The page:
The WEBDAV Working Group held a meeting at the 38th IETF, in Memphis, TN, on April 7, 1997. There were 49 people in attendance throughout the duration of the meeting. The meeting was chaired by Jim Whitehead, and minutes were collected by Del Jensen. These minutes are reported by Jim Whitehead due to the unavailability of Del Jensen for medical reasons.
The meeting began with a poll of the audience to determine how many people in attendance were familiar with the WEBDAV WG. Since approximately on third of those in attendance were being exposed to WEBDAV for the first time, the session began with a brief overview presentation on WEBDAV. This presentation was followed by a discussion, led by Judith Slein, on open issues in the requirements document.
During these first two presentations, questions were asked about the scope of the WG's activities with respect to security, authentication, and access control. The stated response, that WEBDAV was planning on using existing security and authentication schemes, but was not planning on implementing new schemes specifically for WEBDAV, met with some scepticism. Several parties expressed the opinion that distributed authoring in absence of good security, authentication, and access control was potentially dangerous, creating a hackers paradise. Another participant stated that expressing the WEBDAV requirements for security, authentication and access control was a necessary first step, even if the WEBDAV WG does end up using existing schemes for this functionality. One participant urged caution when considering these issues, stating that they were very complex (a.k.a. "pits of infinite depth"), while another viewed authentication and access control as server configuration issues, and hence out of scope for the WG. At the end of the discussion, Judith Slein took an action item to bring up a thread on the discussion about security, authentication, and access control.
Jim Whitehead next gave a presentation of several topics and preliminary proposals for their implementation, which were discussed in the Design Team meeting of April 1-4, 1997, held at U.C. Irvine, specifically locking, metadata, versioning, and partial write. Discussion of locking centered on a description of the characteristics of a proposed lock method, which can be used to provide two types of lock semantics: an exclusive write lock, where only the principal who owns the lock may modify the state of the resource (body and metadata), and a shared write lock, where only the principal(s) who own/share the lock may modify the state of the resource. There was some discussion about whether it should be possible to lock a deleted or non-existent resource in order to avoid a race condition between creating a resource (reserving its name) and then taking out a lock on the resource. This led to the need to define a new requirement to make it possible to reserve a name in the namespace controlled by a server.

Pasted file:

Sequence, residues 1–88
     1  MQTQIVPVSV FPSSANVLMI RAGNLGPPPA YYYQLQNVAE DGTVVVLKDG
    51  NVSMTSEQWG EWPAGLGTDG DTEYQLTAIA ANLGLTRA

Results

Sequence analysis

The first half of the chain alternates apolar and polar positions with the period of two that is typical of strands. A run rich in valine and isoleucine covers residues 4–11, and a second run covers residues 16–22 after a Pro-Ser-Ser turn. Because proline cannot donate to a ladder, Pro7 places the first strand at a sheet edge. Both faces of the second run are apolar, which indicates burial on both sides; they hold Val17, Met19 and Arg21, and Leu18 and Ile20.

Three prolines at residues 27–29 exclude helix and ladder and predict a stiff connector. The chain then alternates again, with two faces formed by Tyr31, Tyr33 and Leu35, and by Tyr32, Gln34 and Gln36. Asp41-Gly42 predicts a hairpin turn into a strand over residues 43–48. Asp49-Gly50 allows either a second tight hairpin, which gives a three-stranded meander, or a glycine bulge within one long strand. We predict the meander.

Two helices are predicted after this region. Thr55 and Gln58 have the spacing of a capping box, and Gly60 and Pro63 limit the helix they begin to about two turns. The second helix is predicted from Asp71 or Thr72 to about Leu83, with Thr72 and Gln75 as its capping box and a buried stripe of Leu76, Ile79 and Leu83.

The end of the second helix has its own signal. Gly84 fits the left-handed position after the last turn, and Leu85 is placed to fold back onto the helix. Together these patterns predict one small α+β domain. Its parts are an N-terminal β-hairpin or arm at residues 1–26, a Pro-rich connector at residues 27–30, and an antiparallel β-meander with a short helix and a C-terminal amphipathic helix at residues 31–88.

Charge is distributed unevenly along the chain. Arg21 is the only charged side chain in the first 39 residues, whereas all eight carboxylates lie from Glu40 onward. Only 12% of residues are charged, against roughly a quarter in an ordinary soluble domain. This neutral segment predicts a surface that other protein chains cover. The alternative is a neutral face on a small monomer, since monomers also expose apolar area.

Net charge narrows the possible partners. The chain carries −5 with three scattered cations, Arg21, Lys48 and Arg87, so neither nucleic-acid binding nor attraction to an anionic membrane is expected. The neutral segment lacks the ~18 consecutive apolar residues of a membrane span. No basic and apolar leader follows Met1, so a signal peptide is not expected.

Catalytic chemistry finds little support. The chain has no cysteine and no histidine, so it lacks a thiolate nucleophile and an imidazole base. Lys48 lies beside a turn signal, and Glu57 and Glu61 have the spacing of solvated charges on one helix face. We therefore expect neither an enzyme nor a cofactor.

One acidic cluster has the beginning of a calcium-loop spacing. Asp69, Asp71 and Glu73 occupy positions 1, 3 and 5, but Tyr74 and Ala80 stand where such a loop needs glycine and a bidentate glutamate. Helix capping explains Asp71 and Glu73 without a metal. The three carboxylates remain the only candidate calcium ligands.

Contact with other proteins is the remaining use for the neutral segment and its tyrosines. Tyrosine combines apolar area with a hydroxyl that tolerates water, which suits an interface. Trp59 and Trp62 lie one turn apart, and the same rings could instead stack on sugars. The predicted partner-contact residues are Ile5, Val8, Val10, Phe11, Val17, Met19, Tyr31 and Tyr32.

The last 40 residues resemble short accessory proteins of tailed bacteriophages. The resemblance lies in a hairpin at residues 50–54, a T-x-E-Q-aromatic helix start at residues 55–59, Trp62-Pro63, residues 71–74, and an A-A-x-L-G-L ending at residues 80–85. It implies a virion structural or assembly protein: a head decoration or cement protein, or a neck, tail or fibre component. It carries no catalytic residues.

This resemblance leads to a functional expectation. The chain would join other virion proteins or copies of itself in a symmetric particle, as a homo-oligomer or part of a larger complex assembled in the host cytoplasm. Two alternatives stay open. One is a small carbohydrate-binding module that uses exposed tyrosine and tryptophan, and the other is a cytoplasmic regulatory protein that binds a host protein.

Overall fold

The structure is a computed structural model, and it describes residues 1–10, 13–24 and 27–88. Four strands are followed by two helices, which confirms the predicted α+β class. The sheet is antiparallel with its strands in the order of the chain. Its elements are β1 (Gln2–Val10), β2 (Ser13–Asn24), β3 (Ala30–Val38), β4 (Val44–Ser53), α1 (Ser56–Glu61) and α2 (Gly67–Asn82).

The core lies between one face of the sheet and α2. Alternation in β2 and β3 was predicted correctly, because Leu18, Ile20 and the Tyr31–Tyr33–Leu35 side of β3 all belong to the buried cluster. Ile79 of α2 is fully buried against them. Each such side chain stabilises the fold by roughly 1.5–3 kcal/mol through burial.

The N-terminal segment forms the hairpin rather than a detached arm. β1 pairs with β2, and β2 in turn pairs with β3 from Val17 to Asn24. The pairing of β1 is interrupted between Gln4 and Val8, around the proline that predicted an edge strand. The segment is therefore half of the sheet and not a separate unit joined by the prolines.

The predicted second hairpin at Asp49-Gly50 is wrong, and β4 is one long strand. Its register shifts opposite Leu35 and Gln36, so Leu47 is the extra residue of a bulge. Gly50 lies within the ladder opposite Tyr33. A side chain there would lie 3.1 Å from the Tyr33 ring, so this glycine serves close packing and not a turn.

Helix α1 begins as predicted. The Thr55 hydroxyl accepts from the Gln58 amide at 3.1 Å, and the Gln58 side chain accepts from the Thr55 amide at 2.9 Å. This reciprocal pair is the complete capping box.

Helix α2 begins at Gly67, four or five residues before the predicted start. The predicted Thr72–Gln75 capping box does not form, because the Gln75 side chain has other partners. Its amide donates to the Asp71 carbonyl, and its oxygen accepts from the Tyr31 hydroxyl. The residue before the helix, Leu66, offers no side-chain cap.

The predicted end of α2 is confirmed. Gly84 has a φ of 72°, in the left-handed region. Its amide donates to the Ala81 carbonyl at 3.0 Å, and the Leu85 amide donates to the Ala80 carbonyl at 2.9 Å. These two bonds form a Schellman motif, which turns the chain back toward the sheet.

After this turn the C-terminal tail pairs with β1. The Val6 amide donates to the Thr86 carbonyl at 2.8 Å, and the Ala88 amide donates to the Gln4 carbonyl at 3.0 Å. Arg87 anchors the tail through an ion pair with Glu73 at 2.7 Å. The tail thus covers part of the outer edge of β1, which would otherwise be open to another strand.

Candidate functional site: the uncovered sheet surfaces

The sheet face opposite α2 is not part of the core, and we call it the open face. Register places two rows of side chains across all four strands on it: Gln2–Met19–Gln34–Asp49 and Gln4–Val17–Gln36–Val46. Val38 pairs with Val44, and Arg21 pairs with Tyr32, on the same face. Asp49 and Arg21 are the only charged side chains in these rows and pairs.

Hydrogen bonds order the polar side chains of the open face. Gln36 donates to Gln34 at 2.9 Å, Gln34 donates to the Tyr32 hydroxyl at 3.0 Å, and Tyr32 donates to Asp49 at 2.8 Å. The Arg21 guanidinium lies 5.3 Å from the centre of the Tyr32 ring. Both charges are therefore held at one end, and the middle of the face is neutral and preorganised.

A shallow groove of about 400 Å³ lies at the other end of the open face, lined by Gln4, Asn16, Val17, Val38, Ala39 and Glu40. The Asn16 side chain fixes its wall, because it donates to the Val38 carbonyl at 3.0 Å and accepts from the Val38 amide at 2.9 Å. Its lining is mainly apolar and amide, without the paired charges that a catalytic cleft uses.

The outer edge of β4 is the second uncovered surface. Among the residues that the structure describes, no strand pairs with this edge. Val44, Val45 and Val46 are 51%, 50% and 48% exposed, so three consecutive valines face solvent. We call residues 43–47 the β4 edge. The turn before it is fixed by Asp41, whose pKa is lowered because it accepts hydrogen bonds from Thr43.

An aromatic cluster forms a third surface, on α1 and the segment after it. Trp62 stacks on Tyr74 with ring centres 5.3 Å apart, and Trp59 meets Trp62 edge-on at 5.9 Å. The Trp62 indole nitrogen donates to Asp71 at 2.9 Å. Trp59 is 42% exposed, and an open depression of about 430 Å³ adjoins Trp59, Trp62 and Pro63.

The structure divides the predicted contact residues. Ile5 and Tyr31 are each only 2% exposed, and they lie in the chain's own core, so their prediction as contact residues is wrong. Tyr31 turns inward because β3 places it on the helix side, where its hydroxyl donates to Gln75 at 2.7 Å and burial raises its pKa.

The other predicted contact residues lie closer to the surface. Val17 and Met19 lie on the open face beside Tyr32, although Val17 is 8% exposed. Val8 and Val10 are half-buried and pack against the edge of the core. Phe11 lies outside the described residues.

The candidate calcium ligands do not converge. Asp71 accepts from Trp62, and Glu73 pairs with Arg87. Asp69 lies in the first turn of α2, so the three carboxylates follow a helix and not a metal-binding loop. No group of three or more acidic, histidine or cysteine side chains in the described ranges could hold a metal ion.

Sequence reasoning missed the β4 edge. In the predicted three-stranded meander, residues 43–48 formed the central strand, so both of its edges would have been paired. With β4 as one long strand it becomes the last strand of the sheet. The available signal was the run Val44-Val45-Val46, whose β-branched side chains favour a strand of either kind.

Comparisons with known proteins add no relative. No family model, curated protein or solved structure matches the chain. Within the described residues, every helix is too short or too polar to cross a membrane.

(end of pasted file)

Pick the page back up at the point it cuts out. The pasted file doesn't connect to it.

Also discussed during locking was whether the proposed locking interface was sufficient for specifying a lock for replicated systems which employ a golden copy replication system. While no counter examples were found by the participants, one asked about non-golden copy systems. This raised the issue of whether locking capability should be a SHOULD requirement, rather than a MUST requirement, since non-golden copy replicated storage systems cannot implement a lock as defined.
Metadata facilities were described in terms of a "mixed" model, where small chunk metadata is expressed using attribute-value pairs stored with a resource, using new methods GETMETA, PUTMETA, DELMETA, and large chunk metadata is expressed using a link on the described resource which points to another resource which contains the metadata description. Referential integrity can be assured for small chunk metadata, but cannot be assured in the general case for large chunk metadata.
A proposal for versioning was introduced where instead of using special checkout and checkin methods, versioning would be performed using the lock, unlock, and a new "save" method which would update the predecessor and successor relationships and store an updated resource. A poll of participants found that they did not understand the new proposal well enough to tell whether it would work.
The old patch method was resurrected in the proposal for partial write capability which was presented. The notion of patch is that the body of the method request contains instructions for how to update the resource specified by the request URI. It was recommended that multipart/byte-ranges be used as the default update instruction format which must be supported in the patch method is supported. This choice was viewed as strange by some participants. Other update formats suggested were VTML and Unix diff.
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